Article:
Chris O’ Shea recently completed Out of Bounds during his residency at the Design Museum. Chris also writes the very good Pixelsumo from which I frequently
steal links draw inspiration and I’ve been a little remiss about blogging this earlier, but Chris promised to also put some video documentation up online (which helps explain the project) and also agreed to do a short interview.
Out of Bounds makes real the childhood fantasy of having superhero X-Ray vision to explore parts of the Design Museum that are normally not accessible to the public. It’s also an extremely playful piece that, as Chris puts it, encourages adults to “relinquish the learnt behaviour of adulthood and reconnect with the wonderment of youth.”
Click the read link for the interview….
AP: Congratulations on the Designers in Residence. What was the inspiration behind the idea for Out of Bounds and can you tell us a bit more about it?
COS: When I was first commissioned they wanted me to create a piece of work that responded to a certain space. My idea was to have a projection on the outside of the building, with an interface that would enable people to look into the museum when it was closed to see what was happening after hours. In the end this didn’t work out, as the projection would only work in the evening of course.
I wanted to create an interface that people would be familiar with every day, not some futuristic xray machine. A torch was an obvious choice.
AP: What has been the reaction to it so far? Is it what you imagined or different (interactive works often seem to take on a life of their own).
COS: I’ve watched people using it for a day. They give someone the torch and they don’t know where to point it. Because its infrared they can’t see the light. As soon as the light hits the wall they are very surprised. 80% of people think its some kind of magic and can’t figure it out. Big groups of school children are especially funny, as they try to block the light or make shapes. Some people have mentioned that its very soothing to use. I found that images taken from the same view point of the wall, rather than close ups or odd angles, work better in giving it a realistic feel. Many people think thats it looking through the actual wall to whats on the other side, until they see the room change when the pull the torch away and put it back again.
AP: Do you have any other projects planned for the Design Museum?
COS: No, the residency was just this one commission. Who knows in the future.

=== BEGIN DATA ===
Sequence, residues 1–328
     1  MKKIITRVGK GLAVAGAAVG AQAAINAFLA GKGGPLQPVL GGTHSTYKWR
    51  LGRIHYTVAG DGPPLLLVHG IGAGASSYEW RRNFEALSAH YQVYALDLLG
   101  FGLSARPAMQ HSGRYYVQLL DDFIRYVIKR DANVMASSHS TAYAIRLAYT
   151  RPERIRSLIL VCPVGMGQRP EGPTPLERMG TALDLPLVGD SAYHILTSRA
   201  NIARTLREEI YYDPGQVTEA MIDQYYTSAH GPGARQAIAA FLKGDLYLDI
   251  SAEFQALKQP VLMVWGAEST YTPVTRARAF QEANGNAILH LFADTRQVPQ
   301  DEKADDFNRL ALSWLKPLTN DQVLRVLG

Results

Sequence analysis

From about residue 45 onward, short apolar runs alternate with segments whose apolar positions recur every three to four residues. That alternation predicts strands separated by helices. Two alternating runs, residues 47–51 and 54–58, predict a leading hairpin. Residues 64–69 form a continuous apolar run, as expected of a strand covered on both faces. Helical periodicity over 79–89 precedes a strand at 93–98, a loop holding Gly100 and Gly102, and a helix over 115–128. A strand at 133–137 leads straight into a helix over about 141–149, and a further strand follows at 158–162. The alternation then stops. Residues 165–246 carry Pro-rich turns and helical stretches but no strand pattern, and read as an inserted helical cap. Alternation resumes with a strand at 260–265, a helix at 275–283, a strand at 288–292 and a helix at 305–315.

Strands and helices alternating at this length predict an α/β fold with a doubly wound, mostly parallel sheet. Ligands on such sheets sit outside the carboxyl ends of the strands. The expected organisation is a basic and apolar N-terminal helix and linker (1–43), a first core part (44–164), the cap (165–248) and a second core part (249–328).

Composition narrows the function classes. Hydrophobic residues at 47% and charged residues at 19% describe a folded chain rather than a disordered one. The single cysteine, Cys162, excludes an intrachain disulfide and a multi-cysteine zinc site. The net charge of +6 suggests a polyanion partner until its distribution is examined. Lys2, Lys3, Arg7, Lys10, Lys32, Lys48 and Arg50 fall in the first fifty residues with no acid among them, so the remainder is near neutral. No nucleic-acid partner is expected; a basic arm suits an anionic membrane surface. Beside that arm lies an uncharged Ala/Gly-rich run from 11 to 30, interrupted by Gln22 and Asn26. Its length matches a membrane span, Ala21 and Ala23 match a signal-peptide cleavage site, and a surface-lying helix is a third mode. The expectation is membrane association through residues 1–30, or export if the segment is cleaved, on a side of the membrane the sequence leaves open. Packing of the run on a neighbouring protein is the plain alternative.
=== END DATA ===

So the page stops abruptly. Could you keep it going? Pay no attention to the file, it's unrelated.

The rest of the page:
COS: Coming from a background in Director and Processing, I was getting frustrated with my options for computer vision, and knew that I would need to learn C++ to do this properly. openFrameworks (OFW) is a set of libraries and a framework wrapped in one package. Like Processing for Java, OFW provides an easier entry point into programming with C++ for these kinds of projects.
I used version 0.01 at a workshop at Ars Electronica. For Out of Bounds I was using 0.02 and a lot had changed. The process has been enjoyable, as its not too hard to get started. The biggest hurdle is changing the mindset from Lingo to C++. The code is completely open source, and I’ve made lots of changes to the core libraries to suit my project, something I’ll tidy up and release later. Although the community is small, Zach & Theo (the founders) are doing a good job of supporting users on the forum and are working hard on the 0.03 release. I’m using OFW on all of my projects at the moment.
AP: How does Out Of Bounds work technically?
COS: The infrared light is invisible to us, but not to a camera that works in low light. So the camera looks at the wall, using a lens filter to block out the projection. Where there is light, it pushes through a depth map to reveal the room. The virtual space is 1024x768 in size with a depth of 255. As you show pixels at different depths, you get the wall, two layers of brick and then the room itself.
AP: Finally, what did you learn from the project?
Infrared torches are very difficult to find because the US has banned import & exports of illuminator products under counter terrorism. Most torches aren’t robust enough if people drop them and they aren’t designed to be running for 9 hours a day. I’d like to get my own infrared torches built one day.
AP: Thank you.